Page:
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Justice in America
The Separate Realities of Blacks and Whites

Part of Cambridge Studies in Public Opinion and Political Psychology

  • Date Published: June 2010
  • availability: Available
  • format: Paperback
  • isbn: 9780521134750

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About the Authors
  • As reactions to the O. J. Simpson verdict, the Rodney King beating, and the Amadou Diallo killing make clear, whites and African Americans in the United States inhabit two different perceptual worlds, with the former seeing the justice system as largely fair and color blind and the latter believing it to be replete with bias and discrimination. The authors tackle two important questions in this book: what explains the widely differing perceptions, and why do such differences matter? They attribute much of the racial chasm to the relatively common personal confrontations that many blacks have with law enforcement – confrontations seldom experienced by whites. More importantly, the authors demonstrate that this racial chasm is consequential: it leads African Americans to react much more cynically to incidents of police brutality and racial profiling, and also to be far more skeptical of punitive anti-crime policies ranging from the death penalty to three-strikes laws.

    • Uses innovative survey experiments to uncover how Whites and Blacks formulate and use their widely differing views of the fairness of the justice system in the US
    • Explores the personal characteristics of respondents of both races as well as various situational components of particular anti-crime policies (e.g. various arguments against capital punishment)
    • Allows us to understand why some individuals (but not others) become polarized in their beliefs; and why some phenomena (but not others) generate a polarized response from citizens
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    Product details

    • Date Published: June 2010
    • format: Paperback
    • isbn: 9780521134750
    • length: 276 pages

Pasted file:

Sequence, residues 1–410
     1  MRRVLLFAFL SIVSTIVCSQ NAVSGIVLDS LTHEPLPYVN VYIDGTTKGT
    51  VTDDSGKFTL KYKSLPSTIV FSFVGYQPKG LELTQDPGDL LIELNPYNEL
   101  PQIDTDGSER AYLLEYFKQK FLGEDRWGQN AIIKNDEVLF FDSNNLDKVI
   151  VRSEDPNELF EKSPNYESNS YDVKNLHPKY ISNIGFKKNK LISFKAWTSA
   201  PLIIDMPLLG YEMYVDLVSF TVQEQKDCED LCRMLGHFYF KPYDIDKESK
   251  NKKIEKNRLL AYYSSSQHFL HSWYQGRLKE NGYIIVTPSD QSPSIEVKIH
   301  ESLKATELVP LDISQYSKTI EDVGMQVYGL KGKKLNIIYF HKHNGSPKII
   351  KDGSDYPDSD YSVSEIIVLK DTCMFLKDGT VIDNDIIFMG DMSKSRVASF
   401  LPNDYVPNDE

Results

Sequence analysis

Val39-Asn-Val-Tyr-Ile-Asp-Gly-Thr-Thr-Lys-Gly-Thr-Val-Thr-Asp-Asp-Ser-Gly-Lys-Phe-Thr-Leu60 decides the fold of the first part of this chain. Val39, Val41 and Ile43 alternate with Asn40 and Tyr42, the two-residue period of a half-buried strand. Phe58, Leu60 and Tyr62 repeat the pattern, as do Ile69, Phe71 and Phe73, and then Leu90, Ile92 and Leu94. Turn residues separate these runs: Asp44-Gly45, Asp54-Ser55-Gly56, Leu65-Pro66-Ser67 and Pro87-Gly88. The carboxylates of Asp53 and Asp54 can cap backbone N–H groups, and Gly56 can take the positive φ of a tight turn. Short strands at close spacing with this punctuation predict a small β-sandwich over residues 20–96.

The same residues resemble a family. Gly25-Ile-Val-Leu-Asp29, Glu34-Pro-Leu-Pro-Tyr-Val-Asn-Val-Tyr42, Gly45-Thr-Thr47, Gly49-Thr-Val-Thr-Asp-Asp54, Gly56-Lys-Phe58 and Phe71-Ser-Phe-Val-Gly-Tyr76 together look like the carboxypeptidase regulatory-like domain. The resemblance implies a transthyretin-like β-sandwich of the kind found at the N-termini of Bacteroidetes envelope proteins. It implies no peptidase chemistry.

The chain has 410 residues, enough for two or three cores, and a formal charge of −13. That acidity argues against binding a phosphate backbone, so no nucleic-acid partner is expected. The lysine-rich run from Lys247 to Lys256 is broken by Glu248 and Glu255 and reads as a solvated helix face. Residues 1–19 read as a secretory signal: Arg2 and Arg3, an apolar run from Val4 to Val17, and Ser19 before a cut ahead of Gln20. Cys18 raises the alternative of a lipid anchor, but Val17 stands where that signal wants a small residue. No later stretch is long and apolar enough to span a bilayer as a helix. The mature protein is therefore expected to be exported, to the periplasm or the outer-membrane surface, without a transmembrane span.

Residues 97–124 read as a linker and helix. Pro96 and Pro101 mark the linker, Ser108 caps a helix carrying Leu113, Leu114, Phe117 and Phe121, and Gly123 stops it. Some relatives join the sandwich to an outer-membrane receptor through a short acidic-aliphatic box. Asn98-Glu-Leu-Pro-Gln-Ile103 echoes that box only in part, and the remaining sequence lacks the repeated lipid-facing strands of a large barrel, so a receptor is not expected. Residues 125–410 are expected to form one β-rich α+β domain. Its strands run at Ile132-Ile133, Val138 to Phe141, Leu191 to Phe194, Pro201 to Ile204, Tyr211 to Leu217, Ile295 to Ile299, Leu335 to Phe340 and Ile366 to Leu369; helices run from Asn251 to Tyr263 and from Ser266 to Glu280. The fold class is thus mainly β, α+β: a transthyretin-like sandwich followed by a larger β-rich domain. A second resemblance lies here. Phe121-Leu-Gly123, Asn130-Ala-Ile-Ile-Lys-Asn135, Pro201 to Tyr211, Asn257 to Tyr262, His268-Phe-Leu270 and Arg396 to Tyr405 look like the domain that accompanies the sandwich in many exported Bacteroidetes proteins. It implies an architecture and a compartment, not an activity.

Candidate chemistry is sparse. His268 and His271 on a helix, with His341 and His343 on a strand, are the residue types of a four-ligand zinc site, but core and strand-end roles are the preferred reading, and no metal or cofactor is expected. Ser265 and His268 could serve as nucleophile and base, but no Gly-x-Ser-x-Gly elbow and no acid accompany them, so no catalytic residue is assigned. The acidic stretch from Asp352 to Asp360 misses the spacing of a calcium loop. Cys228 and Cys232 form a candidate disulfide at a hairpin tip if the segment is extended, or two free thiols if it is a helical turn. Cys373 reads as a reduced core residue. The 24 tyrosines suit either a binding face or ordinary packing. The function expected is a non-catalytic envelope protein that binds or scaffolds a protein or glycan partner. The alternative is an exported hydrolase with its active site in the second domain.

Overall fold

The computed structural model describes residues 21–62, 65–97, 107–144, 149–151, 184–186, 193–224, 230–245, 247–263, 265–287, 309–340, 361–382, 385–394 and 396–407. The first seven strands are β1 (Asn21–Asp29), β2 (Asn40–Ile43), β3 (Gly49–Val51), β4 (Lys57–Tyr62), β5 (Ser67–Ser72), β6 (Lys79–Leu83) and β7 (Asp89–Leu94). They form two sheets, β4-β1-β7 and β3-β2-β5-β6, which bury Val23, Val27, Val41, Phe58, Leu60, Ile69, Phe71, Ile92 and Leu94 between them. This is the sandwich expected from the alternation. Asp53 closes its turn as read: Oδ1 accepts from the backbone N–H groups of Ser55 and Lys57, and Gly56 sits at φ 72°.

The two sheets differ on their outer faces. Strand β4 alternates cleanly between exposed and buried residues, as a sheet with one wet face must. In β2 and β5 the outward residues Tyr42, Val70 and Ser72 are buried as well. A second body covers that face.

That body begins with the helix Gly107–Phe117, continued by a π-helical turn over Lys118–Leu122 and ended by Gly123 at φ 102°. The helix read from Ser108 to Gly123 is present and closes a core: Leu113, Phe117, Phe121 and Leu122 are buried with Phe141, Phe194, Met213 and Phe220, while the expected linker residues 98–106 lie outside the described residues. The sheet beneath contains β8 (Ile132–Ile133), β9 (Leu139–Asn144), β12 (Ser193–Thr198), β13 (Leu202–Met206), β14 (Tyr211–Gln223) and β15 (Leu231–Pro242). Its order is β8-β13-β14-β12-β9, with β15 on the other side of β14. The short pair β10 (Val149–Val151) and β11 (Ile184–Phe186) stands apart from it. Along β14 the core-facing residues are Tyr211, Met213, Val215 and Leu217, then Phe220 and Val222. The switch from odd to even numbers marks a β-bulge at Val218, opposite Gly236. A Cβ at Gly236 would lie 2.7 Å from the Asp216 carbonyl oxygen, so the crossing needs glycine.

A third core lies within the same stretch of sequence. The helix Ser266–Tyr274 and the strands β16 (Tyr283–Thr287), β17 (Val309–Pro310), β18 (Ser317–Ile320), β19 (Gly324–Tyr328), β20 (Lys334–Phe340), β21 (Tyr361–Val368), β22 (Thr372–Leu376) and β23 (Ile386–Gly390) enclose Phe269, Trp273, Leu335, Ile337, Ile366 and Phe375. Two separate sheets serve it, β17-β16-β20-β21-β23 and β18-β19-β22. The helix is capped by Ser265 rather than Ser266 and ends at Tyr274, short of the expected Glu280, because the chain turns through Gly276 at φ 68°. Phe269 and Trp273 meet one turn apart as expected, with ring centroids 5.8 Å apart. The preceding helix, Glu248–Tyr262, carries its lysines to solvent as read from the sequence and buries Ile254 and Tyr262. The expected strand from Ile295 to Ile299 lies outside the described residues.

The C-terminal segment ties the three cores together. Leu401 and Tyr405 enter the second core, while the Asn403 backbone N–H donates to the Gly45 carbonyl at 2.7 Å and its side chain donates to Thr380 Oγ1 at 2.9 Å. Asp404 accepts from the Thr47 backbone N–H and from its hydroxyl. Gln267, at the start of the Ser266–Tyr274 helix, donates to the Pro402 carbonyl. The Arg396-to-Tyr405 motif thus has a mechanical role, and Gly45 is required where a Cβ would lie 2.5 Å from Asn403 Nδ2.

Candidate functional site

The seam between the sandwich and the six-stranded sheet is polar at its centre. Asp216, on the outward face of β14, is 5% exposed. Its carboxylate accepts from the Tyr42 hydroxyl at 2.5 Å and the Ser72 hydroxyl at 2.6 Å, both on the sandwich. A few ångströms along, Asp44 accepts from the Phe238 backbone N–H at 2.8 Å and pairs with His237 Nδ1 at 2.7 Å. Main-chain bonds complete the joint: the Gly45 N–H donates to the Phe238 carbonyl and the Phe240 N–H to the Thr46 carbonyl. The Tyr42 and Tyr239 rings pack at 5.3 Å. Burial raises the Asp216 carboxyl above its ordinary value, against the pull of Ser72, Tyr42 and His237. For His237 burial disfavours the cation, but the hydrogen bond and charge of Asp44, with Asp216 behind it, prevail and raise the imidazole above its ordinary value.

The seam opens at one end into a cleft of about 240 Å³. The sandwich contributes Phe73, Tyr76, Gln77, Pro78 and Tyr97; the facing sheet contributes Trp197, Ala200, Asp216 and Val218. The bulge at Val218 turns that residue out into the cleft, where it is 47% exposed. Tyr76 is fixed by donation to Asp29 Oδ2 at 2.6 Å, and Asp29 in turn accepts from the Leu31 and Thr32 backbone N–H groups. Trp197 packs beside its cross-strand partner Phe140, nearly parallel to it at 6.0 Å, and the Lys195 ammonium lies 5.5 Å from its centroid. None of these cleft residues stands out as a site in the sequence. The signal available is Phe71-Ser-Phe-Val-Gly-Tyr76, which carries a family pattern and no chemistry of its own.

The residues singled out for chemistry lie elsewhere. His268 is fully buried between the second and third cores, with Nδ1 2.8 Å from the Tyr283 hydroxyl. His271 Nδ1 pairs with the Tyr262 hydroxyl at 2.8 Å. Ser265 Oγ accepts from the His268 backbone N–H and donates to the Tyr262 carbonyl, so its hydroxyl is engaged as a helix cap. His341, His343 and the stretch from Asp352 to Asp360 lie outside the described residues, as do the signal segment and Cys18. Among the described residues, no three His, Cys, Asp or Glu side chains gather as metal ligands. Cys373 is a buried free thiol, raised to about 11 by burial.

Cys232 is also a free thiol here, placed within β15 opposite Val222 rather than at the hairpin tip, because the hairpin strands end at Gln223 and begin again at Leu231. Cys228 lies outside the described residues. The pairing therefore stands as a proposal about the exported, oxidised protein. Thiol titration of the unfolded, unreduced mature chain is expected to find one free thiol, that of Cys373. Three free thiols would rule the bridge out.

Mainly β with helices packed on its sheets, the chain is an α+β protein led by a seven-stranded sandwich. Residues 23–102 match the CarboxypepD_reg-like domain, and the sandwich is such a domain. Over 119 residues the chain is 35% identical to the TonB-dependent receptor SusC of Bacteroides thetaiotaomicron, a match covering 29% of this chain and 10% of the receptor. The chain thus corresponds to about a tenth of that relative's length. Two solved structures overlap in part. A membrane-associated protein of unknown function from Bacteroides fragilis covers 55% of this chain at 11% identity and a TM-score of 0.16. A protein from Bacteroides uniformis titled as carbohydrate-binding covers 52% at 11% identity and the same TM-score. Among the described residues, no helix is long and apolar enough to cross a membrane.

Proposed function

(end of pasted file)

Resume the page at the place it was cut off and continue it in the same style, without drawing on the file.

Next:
• dimensions: 229 x 153 x 15 mm
    • weight: 0.39kg
    • contains: 20 b/w illus. 13 tables
    • availability: Available
  • Table of Contents

    1. Introduction
    2. Racial bias in the justice system: reality and perception
    3. The role of fairness
    4. The consequences of fairness: polarized reactions to police brutality and racial profiling
    5. The consequences of fairness: support for punitive crime policies
    6. Conclusions
    Appendix A. National survey and survey items
    Appendix B. Examining reciprocal effects of unfair treatment and neighborhood discrimination.

  • Instructors have used or reviewed this title for the following courses

    • Criminology & Public Policy
    • Introduction to Ethnic Studies
    • Judicial Process
    • Law, Politics, and Society
    • Political Psychology
    • The Criminal Justice System
    • The Politics of Race and Ethnicity
  • Authors

    Mark Peffley, University of Kentucky
    Mark Peffley is a Professor of Political Science at the University of Kentucky. He is co-editor of Perception and Prejudice: Race and Politics in the U.S. (1998) and the journal Political Behavior. His articles have appeared in numerous journals, including American Political Science Review, American Journal of Political Science, Journal of Politics, International Studies Quarterly, and Political Psychology.

    Jon Hurwitz, University of Pittsburgh
    Jon Hurwitz is currently a Professor of Political Science at the University of Pittsburgh. He is co-editor of Perception and Prejudice: Race and Politics in the U.S. (1998) and the journal Political Behavior. His articles have appeared in numerous journals, including American Political Science Review, American Journal of Political Science, Journal of Politics, International Studies Quarterly, and Political Psychology.

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